TriSalus inks SPAC merger to fund cancer trials of pressure-enabled drug delivery technology

TriSalus Life Sciences has identified a path to data on its drug delivery device and lead candidate, inking a deal to merge with a special purpose acquisition company (SPAC) and build an anticipated $60 million cash reserve.

Colorado-based TriSalus’ business is built on TriNav, an infusion system that enables the modulation of pressure and flow to overcome tumoral pressure and thereby improve the delivery of anti-cancer drugs. The pressure-enabled drug delivery technology, which came to market in 2020, is designed to get more drug to tumor cells in organs such as the liver and pancreas that can limit uptake via diffusion.

The device is estimated to generate sales of $12.6 million this year. TriSalus is also using the technology in its internal drug development pipeline. The internal pipeline is led by SD-101, a toll-like receptor 9 agonist that TriSalus acquired from Dynavax in 2020.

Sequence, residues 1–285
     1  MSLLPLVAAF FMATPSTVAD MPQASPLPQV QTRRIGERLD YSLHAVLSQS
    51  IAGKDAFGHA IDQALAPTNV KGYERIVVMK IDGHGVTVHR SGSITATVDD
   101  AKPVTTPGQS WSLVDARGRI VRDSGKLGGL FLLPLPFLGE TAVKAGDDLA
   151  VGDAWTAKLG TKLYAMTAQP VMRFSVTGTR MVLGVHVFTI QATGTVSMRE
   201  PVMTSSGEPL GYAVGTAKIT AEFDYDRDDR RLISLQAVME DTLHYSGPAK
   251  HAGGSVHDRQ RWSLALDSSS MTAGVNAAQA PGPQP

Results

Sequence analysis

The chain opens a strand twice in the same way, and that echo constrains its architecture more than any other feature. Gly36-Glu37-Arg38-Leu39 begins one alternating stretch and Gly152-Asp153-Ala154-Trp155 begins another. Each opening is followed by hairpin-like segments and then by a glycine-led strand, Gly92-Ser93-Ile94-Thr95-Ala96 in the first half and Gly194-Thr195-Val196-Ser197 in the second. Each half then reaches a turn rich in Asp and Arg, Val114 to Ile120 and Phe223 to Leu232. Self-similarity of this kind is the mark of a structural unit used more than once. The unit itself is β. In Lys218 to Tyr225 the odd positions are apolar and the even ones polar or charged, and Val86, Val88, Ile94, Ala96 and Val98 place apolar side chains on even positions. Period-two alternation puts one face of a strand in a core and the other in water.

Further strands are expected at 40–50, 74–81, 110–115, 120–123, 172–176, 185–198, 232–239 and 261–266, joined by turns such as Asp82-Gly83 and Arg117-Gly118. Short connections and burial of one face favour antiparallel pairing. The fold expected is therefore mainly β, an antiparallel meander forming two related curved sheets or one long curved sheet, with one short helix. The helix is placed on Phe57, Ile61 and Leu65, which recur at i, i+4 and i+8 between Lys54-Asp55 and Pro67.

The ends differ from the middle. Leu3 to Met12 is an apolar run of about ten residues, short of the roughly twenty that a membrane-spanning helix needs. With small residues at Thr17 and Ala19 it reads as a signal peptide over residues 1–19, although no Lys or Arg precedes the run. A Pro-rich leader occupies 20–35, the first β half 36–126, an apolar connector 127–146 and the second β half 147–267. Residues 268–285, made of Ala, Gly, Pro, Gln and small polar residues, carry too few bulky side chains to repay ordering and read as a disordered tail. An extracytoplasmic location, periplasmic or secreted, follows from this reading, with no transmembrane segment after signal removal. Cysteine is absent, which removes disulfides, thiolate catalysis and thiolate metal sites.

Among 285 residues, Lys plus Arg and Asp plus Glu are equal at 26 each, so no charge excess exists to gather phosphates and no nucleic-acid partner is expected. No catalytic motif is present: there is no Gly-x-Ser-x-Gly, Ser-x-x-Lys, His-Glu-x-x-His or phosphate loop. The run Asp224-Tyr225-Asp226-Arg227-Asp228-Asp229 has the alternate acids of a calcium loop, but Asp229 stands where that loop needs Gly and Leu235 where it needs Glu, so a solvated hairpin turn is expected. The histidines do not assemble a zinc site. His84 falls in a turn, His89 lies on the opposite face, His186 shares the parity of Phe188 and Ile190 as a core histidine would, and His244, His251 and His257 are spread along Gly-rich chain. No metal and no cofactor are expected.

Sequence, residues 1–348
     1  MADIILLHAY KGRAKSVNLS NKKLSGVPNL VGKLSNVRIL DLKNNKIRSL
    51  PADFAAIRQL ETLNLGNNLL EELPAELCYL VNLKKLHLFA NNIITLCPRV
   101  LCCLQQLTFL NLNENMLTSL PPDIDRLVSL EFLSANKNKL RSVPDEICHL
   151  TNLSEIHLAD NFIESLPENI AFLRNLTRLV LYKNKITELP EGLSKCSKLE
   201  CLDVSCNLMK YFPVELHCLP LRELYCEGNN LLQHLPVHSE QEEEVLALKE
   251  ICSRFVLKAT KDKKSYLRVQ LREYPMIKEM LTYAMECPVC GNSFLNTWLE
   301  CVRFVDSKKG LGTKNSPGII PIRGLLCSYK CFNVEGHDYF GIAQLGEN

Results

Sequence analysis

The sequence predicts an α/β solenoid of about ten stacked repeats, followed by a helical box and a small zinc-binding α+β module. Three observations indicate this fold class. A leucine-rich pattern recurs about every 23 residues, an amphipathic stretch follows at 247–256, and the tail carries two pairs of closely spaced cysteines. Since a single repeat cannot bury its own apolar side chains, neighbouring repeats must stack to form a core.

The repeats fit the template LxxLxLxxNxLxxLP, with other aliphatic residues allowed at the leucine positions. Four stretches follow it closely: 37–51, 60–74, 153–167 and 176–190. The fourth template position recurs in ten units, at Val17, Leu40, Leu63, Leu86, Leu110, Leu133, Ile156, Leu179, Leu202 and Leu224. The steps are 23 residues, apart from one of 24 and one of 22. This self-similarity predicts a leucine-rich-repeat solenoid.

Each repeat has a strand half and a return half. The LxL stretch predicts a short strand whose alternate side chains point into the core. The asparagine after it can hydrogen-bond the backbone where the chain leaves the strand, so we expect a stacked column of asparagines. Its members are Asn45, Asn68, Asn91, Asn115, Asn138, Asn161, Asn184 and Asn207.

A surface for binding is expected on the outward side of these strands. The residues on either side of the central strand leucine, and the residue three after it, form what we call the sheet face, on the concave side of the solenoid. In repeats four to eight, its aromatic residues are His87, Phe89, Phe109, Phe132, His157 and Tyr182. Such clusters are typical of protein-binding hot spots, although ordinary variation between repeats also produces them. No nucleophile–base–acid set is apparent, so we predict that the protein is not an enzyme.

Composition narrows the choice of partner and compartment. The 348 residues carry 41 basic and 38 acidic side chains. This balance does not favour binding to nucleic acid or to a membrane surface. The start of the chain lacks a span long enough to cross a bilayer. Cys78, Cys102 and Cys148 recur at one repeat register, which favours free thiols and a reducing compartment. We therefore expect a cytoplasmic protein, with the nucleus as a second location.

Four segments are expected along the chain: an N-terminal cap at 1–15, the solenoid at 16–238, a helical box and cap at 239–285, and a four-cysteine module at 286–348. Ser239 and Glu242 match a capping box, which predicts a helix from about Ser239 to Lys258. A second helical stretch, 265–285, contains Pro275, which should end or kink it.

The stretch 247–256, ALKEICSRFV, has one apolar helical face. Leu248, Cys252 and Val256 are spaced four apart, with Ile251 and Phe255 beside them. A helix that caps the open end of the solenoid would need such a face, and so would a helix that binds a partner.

Over the past 18 months, TriSalus has kicked off a clutch of clinical trials that are testing the effects of using the delivery device to administer SD-101 to cancer patients. The studies are evaluating the drug in combination with checkpoint inhibitors in patients with liver and pancreatic cancers. 

With the studies heading toward data drops, TriSalus has moved to secure funding for its pipeline. The SPAC that has taken the other side of the deal, MedTech Acquisition Corporation, raised $220 million in an upsized IPO late in 2020. However, TriSalus is “assuming significant redemptions,” leading it to predict it will exit the merger with $60 million. One investor is providing $50 million from a convertible note.

TriSalus expects the money to fund it into late 2024, taking it past key data readouts on its device and immunotherapy platform. By the second quarter of next year, the company is aiming to have initial and durable response data on SD-101 in three indications.